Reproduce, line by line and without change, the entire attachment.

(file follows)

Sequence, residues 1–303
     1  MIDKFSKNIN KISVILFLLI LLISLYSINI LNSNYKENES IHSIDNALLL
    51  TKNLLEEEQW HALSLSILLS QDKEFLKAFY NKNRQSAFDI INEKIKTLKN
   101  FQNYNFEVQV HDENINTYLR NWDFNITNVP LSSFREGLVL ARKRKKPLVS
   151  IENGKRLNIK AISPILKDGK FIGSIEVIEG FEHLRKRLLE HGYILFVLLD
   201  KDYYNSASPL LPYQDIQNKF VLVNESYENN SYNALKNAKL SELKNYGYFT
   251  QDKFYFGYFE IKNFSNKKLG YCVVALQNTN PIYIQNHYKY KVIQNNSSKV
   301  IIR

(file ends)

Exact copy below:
Sequence, residues 1–303
     1  MIDKFSKNIN KISVILFLLI LLISLYSINI LNSNYKENES IHSIDNALLL
    51  TKNLLEEEQW HALSLSILLS QDKEFLKAFY NKNRQSAFDI INEKIKTLKN
   101  FQNYNFEVQV HDENINTYLR NWDFNITNVP LSSFREGLVL ARKRKKPLVS
   151  IENGKRLNIK AISPILKDGK FIGSIEVIEG FEHLRKRLLE HGYILFVLLD
   201  KDYYNSASPL LPYQDIQNKF VLVNESYENN SYNALKNAKL SELKNYGYFT
   251  QDKFYFGYFE IKNFSNKKLG YCVVALQNTN PIYIQNHYKY KVIQNNSSKV
   301  IIR